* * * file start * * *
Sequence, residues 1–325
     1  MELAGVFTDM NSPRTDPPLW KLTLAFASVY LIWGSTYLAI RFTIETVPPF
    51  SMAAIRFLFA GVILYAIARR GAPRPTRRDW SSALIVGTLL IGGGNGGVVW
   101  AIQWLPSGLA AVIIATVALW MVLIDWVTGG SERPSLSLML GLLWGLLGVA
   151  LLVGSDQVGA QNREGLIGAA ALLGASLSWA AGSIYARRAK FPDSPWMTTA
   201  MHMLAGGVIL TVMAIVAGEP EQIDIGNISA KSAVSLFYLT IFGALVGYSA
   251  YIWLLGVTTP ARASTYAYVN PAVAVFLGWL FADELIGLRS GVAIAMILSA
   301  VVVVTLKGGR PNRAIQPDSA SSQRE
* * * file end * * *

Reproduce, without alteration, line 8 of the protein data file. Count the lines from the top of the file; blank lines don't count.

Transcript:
   301  VVVVTLKGGR PNRAIQPDSA SSQRE